ACA Receives a Possible Do-Over

 

By Amy Jeanroy

 

Maine Republican Senator Susan Collins announced her part in creating a replacement bill for the Affordable Care Act; also known as Obamacare.

On Saturday, President Trump signed an executive order to “seek the prompt repeal” of the ACA.

Monday, Senator Susan Collins, along with Senators Bill Cassidy, MD (R-LA), Shelley Moore Capito (R-WV) and Johhny Isakson (R-GA) released legislative text for the Patient Freedom Act of 2017, a replacement plan for the ACA.  

According to the documentation, the Patient Freedom Act (PFA) of 2017 would ..."remove the power from Washington and return it to the state capitols to increase access to affordable health insurance and improve patient choice, while preserving important consumer protections." 

The proposal would repeal federal mandates on individuals, employers and the actuarial value requirement that makes plans fit into one of four categories. Also the age band requirement and the benefit mandates that have people paying for coverage that they don't need or can't afford. 

The proposal would keep what it calls "essential consumer protections, such as a prohibition on annual and lifetime limits, prohibition of pre-existing condition exclusions, and prohibitions on discrimination. It also guaranteed issue and renewability and allows young adults to stay on their parents' plan until age 26, as well as preserves coverage for mental health and substance use disorders.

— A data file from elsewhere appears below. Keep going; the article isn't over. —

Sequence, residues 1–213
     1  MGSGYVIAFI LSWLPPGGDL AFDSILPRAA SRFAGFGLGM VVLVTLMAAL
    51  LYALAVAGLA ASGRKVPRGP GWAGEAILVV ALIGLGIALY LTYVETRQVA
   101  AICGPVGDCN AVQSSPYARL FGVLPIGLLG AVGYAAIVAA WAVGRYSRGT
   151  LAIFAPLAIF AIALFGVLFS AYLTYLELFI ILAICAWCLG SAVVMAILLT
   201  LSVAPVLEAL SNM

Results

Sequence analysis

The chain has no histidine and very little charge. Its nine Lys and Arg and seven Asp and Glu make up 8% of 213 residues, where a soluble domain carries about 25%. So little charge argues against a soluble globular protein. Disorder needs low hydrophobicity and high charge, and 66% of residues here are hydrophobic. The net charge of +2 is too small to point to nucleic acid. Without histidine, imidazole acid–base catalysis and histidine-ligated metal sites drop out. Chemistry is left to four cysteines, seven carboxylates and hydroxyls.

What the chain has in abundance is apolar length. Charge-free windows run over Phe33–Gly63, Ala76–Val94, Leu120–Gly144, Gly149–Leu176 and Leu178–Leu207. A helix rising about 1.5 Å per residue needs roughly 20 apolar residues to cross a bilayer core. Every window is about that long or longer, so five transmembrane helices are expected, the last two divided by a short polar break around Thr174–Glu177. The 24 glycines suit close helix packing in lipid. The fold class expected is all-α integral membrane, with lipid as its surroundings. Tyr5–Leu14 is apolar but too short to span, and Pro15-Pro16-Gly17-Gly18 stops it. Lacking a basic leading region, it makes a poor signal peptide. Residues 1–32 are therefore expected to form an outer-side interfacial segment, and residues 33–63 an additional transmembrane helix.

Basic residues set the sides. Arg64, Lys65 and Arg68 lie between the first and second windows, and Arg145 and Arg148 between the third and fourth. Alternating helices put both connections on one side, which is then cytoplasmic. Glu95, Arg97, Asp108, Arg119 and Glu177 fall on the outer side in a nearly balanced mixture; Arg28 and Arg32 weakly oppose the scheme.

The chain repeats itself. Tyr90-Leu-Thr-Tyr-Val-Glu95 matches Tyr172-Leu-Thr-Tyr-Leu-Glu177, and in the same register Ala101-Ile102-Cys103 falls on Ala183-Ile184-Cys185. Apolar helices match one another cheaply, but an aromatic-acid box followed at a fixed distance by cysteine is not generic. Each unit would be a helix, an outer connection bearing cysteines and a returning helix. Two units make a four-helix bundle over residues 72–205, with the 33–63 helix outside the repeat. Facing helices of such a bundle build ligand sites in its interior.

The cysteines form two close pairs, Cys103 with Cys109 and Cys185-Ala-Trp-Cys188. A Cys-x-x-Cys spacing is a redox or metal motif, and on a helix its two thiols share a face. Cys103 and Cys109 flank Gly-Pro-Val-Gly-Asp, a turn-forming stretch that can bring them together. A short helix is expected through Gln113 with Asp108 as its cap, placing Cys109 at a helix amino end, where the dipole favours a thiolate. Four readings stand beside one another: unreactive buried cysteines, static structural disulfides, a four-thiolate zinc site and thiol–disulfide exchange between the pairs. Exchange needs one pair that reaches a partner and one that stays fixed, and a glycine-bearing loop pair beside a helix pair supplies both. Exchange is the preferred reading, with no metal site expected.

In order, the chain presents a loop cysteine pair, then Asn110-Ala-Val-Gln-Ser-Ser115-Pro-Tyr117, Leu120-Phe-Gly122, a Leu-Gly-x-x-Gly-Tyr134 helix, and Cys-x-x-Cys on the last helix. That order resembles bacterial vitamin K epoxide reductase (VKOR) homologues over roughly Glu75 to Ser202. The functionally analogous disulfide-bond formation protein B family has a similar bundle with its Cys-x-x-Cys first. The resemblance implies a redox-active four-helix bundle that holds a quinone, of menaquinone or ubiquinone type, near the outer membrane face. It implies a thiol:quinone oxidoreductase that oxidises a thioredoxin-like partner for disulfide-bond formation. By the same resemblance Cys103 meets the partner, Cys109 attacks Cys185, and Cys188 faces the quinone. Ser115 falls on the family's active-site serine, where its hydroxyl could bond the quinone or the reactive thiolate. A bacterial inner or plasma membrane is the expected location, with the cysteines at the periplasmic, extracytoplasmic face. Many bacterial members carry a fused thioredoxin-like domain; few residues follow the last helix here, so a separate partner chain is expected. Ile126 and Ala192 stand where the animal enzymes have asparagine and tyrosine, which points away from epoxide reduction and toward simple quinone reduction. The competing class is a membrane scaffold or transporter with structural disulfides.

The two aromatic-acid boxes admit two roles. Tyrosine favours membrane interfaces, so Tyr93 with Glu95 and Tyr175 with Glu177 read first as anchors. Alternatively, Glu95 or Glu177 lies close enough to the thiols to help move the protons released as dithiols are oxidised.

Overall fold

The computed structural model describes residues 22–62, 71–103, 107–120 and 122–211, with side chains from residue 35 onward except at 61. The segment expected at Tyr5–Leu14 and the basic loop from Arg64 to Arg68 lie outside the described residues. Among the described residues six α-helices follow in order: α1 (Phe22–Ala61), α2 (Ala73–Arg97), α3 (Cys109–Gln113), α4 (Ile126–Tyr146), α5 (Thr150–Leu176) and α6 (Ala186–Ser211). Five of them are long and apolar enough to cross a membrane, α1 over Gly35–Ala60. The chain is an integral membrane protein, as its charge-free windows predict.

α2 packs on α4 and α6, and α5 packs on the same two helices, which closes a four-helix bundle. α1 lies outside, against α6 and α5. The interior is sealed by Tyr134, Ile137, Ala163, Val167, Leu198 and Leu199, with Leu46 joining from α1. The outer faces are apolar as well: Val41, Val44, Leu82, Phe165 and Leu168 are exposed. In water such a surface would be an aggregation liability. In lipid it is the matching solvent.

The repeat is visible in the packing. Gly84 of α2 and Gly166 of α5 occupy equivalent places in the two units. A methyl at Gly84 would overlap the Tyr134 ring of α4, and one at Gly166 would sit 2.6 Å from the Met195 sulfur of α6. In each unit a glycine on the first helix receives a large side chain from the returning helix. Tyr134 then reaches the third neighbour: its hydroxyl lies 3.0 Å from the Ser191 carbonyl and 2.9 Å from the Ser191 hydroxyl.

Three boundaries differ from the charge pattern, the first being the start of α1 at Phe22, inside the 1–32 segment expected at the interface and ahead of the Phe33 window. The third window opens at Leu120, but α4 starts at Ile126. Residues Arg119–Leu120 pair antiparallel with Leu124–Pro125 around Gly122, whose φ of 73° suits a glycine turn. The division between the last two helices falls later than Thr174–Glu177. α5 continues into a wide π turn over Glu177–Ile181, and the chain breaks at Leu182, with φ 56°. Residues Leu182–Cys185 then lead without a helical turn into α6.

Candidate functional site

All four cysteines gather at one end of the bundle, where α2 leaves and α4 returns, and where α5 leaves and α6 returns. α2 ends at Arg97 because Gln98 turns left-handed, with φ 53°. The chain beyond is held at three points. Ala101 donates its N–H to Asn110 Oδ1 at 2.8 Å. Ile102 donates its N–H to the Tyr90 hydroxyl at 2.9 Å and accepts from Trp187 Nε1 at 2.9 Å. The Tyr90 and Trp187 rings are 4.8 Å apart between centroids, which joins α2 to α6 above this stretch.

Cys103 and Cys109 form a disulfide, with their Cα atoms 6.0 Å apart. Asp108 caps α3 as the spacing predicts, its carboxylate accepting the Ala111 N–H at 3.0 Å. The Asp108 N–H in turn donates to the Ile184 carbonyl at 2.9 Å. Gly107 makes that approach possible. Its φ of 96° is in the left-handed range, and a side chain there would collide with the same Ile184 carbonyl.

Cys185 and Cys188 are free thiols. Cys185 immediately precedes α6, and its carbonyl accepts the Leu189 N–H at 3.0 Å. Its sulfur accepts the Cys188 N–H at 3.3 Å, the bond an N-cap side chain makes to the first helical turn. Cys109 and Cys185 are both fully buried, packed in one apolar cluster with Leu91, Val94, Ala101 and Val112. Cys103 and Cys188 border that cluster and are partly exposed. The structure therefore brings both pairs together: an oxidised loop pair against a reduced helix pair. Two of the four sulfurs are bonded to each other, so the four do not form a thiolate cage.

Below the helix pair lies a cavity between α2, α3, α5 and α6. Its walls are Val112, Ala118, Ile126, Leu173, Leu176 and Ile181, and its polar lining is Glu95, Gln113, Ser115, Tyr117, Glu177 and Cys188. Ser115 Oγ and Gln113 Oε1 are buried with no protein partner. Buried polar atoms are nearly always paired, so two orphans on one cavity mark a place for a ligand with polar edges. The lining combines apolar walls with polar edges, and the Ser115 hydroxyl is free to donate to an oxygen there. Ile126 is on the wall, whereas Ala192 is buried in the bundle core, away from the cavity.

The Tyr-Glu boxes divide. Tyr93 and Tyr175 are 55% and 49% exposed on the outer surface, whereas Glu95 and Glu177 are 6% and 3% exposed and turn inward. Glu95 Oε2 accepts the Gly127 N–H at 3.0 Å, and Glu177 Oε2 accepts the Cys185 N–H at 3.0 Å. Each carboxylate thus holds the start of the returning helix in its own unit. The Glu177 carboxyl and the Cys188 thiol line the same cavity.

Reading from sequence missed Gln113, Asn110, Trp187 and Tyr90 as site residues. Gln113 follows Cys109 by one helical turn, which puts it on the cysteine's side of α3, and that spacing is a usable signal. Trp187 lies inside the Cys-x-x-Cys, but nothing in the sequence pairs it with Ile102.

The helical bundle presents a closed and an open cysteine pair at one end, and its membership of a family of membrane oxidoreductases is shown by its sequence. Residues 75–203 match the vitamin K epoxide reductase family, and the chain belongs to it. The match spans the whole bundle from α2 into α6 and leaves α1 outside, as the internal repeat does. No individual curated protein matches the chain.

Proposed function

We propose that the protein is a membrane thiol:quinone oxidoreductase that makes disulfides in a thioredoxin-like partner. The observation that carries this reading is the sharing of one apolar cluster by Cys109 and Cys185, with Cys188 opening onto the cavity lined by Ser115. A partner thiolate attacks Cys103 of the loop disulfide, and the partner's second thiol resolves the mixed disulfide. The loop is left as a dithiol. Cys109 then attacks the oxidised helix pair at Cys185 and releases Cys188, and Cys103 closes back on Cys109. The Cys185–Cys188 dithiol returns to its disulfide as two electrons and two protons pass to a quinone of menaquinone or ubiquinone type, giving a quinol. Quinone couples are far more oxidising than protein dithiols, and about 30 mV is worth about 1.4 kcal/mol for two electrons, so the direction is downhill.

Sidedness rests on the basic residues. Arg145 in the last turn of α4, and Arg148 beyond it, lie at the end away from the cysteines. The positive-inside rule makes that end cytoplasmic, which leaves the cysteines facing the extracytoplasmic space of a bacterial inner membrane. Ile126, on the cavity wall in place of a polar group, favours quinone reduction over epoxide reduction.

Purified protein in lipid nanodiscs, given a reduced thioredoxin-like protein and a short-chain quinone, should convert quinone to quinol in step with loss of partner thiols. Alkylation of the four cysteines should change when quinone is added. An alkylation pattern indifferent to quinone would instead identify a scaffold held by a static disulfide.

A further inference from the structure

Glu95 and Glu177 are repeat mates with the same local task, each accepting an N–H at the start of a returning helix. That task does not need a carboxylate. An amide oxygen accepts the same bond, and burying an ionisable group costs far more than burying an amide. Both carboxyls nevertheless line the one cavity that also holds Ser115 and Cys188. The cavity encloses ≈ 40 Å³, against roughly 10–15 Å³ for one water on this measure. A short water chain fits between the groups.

The PFA would offer three state options to choose from. 

1. Re-implementation of the ACA, where the state can continue to receive federal premium tax credits, cost-sharing subsidies and Medicaid dollars.

2. Choose a new state alternative where the state can enact a new market-based system that empowers patients while still ensuring those with pre-existing conditions are protected. The state would continue to receive funding equal to 95% of federal premium tax credits and cost-sharing subsidies, as well as the federal match for Medicaid expansion. States choose to receive funds in the forms of per beneficiary grants or advanceable, refundable tax credits but in both cases, funds will be deposited in a Roth Health Savings Account (HSA), meaning the money goes directly to the patient.  

3. Design an alternative solution without Federal assistance. This would return power to the states to design and regulate insurance markets that work for their specific populations, without any federal assistance. 

This proposal states that the goal is “to provide roughly the same federal benefit available to those who get insurance through their employer. States will be able to auto-enroll uninsured individuals in basic health care coverage unless that individual opts out.”

In a floor statement, Senator Collins said “Our bill is a work in progress and is not perfect; however, it is intended to put specific proposals on the table as we seek to craft bills to repair and improve the Affordable Care Act.”